But oil moves, and so do shrimp. So is there any chance that oil-contaminated shrimp could make it to your local fishmonger (or my taqueria)? It's extremely unlikely, since all US seafood is subject to fairly rigorous inspections by food scientists before it can be sold. Martin Reed is the founder of the online sustainable seafood supplier I Love Blue Sea. "Most people who eat shrimp—they don't know it's coming from a farm abroad where they pump them full of antibiotics," says Reed. "I'd be much more worried about that than eating anything out of the Gulf." (More on imported farmed shrimp below.)

So for now wild Gulf shrimp is still the better choice, but it doesn't come cheap: It's already more expensive than farmed shrimp, and the spill will only drive the price up, likely by about 20 percent says Lance Nacio, a third generation Gulf coast shrimper. Aside from closures, another major reason for the price spike is a shortage of labor: Many Gulf fishermen and shrimpers have been hired by a BP subcontractor to help clean up the spill. "But the biggest thing now is actually stopping the leak," says Nacio. "Until they stop it, who knows how much we'll have to deal with."

A quick guide to some of the varieties of shrimp you might encounter on a menu:


Oil Spill Questions? Ask PBS' Need to Know

| Thu May 6, 2010 7:00 AM EDT

PBS' new weekly TV news magazine and website Need To Know is taking your oil spill questions, which reporters will answer during the show's premiere this Friday, May 7. We here at Mother Jones are especially excited about the premiere, since Need To Know is a co-collaborator over at The Climate Desk. In addition to environmental coverage, the show and site will focus on the economy, health, security, and culture. The tone? Not quite The Daily Show, but considerably more irreverent than the Bill Moyers news programs it's replacing: The New York Times reports that co-hosts Alison Stewart and Jon Meacham may occasionally indulge in some banter, and comedian Andy Borowitz will close each program with a segment called "Next Week's News." Promises Borowitz:

Now, before you start comparing me to Andy Rooney, I should say that I will not be behind a desk, nor will I spend the entire segment talking about my stapler.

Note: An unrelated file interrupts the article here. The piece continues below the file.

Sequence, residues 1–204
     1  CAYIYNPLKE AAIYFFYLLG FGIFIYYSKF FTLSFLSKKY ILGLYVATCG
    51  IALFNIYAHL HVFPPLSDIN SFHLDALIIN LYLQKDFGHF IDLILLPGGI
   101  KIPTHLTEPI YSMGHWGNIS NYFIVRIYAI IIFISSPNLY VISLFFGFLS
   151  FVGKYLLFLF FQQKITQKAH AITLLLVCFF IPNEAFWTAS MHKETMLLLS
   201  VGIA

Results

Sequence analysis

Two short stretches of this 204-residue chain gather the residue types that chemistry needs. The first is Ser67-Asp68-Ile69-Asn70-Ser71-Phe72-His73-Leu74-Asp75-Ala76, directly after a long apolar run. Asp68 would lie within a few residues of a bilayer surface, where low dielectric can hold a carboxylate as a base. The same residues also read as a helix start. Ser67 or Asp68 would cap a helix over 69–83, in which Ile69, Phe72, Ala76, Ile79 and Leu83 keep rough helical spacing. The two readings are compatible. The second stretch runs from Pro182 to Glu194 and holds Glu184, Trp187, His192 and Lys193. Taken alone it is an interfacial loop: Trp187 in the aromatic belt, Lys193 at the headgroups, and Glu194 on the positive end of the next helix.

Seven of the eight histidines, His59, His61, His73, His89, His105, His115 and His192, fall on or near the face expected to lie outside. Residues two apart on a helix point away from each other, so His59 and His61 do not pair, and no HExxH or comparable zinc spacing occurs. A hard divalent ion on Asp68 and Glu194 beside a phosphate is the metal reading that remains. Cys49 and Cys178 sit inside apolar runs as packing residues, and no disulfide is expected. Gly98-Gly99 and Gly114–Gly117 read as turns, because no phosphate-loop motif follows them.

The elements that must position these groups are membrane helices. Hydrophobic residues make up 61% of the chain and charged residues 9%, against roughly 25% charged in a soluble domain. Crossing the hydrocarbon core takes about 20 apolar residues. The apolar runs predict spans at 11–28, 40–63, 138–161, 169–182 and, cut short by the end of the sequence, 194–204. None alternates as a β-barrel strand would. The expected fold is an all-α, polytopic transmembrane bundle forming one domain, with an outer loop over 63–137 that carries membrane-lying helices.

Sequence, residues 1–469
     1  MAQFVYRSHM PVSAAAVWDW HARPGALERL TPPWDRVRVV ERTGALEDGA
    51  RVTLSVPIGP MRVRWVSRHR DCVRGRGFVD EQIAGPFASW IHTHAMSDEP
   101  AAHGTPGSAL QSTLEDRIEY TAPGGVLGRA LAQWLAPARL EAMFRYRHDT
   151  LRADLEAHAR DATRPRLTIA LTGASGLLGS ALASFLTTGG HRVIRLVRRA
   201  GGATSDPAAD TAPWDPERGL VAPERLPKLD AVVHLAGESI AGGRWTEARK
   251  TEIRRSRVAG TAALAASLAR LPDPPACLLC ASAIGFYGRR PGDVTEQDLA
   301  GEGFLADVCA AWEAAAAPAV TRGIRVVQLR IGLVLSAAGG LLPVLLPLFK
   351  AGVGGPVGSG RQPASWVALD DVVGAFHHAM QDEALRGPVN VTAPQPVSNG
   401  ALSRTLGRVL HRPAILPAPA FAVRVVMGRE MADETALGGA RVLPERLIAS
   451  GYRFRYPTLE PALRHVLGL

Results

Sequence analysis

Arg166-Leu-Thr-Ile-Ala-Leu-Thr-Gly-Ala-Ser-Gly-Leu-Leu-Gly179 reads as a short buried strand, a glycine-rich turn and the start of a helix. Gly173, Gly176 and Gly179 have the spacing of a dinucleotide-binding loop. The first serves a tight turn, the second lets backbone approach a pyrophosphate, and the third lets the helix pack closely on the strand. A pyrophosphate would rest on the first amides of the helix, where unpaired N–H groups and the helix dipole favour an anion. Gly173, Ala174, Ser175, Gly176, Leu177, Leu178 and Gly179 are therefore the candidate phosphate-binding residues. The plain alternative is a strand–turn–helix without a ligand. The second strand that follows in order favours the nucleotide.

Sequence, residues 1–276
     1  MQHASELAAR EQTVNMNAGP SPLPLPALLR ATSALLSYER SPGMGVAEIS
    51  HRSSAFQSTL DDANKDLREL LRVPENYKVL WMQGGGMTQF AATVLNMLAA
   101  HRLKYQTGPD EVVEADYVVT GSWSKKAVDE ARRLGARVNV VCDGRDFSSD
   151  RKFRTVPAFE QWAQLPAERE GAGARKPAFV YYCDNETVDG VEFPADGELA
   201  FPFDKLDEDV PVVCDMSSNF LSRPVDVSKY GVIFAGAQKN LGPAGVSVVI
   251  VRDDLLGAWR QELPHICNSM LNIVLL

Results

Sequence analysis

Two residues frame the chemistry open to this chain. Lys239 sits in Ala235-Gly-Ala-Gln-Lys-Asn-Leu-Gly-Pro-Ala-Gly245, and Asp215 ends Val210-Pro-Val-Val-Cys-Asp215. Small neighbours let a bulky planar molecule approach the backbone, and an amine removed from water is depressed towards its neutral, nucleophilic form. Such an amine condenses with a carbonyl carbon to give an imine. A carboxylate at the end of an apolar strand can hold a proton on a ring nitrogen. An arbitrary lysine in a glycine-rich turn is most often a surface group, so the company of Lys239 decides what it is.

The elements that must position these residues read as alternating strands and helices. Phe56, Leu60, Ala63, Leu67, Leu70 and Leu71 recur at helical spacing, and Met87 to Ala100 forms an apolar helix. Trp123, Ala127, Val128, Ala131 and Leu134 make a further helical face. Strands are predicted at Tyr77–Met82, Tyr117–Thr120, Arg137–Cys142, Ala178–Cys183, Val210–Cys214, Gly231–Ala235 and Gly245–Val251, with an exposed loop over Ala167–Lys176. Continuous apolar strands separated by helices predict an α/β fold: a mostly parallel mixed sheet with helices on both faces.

Submit your oil spill questions here, and look up local air times this Friday here. Then check out the rest of Need To Know's site, which currently features stories on the history of the birth control pill, Bollywood's first gay kiss, and El Paso teens dealing with drug violence, among other topics.

Is Steel-Cut Oatmeal Really Better?

| Mon May 3, 2010 5:30 AM EDT

All of a sudden, steel-cut oatmeal is everywhere. Within blocks of MoJo's San Francisco headquarters, it's sold at upscale touristy cafes and chain places like Starbucks and Jamba Juice. Hard to resist, since I a) am a sucker for fancy toppings (warm apple compote, anyone?) and b) find the texture and flavor of steel-cut oatmeal far superior to that of the boring quick oats I keep at my desk: Steel-cut oatmeal is chewier and, to my taste, slightly toastier than the instant stuff. The problem is that the prepared version is pricey and overpackaged: usually around $3 for a small paper container with a lid. Dry steel-cut oats are cheaper and require less packaging, but they take 20 minutes to cook, which isn't really feasible at the office. Looking for an excuse to indulge in the tasty stuff once in a while, I decided to do some research: Is there any evidence that steel-cut oatmeal is more nutritious and/or better for the planet than instant rolled oatmeal?

Most Pesticide Laden Produce of 2010

| Wed Apr. 28, 2010 1:56 PM EDT

A few months back, we reported on the 12 most pesticide-laden fruits and veggies. Today, Mother Nature Network reports that the Environmental Working Group is about to publish the 2010 version of the list. This year, celery beats out peaches for the number one spot in the "dirty dozen" list. New additions are spinach, potatoes, and blueberries, replacing last year's lettuce, pears, and carrots. In the "Clean 15" list, grapefruit and honeydew melon replace tomato and papaya.